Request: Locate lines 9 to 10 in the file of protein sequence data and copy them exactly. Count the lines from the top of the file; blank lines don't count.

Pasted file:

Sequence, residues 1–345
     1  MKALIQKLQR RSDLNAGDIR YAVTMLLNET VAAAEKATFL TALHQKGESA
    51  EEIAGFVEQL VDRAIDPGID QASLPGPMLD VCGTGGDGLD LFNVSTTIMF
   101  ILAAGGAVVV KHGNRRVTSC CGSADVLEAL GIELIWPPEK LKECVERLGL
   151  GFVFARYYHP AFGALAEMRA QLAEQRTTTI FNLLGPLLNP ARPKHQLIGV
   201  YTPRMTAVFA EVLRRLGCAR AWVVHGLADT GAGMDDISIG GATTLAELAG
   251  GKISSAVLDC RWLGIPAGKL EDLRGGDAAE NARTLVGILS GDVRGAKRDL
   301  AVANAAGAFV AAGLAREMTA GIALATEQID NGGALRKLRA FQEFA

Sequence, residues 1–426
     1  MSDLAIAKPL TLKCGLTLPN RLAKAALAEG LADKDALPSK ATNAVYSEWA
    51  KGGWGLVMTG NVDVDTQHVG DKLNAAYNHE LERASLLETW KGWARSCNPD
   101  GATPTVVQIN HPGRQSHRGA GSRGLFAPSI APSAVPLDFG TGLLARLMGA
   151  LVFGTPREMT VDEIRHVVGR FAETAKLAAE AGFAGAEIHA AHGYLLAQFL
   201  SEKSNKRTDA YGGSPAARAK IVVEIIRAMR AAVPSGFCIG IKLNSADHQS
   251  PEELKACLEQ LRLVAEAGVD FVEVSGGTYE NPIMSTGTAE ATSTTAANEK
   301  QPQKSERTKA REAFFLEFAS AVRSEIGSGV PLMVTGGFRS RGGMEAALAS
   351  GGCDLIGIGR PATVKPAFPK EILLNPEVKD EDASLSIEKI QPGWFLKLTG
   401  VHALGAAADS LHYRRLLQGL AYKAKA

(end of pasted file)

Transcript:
Sequence, residues 1–426
     1  MSDLAIAKPL TLKCGLTLPN RLAKAALAEG LADKDALPSK ATNAVYSEWA